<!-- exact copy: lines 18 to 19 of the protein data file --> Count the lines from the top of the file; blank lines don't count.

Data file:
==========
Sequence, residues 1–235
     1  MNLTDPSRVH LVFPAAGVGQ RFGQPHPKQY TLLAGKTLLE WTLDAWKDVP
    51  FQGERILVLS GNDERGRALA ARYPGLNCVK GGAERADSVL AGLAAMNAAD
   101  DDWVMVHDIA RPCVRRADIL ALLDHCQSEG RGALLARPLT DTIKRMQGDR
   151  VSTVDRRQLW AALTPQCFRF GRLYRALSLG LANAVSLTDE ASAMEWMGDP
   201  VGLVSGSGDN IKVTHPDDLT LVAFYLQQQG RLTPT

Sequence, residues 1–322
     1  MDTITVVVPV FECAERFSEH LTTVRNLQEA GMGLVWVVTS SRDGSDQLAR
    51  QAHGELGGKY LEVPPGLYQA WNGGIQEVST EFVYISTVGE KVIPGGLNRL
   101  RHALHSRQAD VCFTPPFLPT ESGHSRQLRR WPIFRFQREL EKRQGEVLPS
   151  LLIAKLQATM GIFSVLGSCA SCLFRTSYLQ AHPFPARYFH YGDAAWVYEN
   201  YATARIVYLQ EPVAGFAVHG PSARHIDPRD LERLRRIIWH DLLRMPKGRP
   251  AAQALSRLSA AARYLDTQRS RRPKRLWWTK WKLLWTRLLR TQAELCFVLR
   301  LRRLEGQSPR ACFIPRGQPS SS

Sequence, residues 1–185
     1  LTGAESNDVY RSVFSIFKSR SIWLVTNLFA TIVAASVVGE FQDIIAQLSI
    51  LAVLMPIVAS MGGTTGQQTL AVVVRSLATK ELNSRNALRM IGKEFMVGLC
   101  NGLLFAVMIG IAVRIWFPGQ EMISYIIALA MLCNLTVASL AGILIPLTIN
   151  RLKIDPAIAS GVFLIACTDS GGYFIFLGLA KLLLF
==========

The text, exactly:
   101  NGLLFAVMIG IAVRIWFPGQ EMISYIIALA MLCNLTVASL AGILIPLTIN
   151  RLKIDPAIAS GVFLIACTDS GGYFIFLGLA KLLLF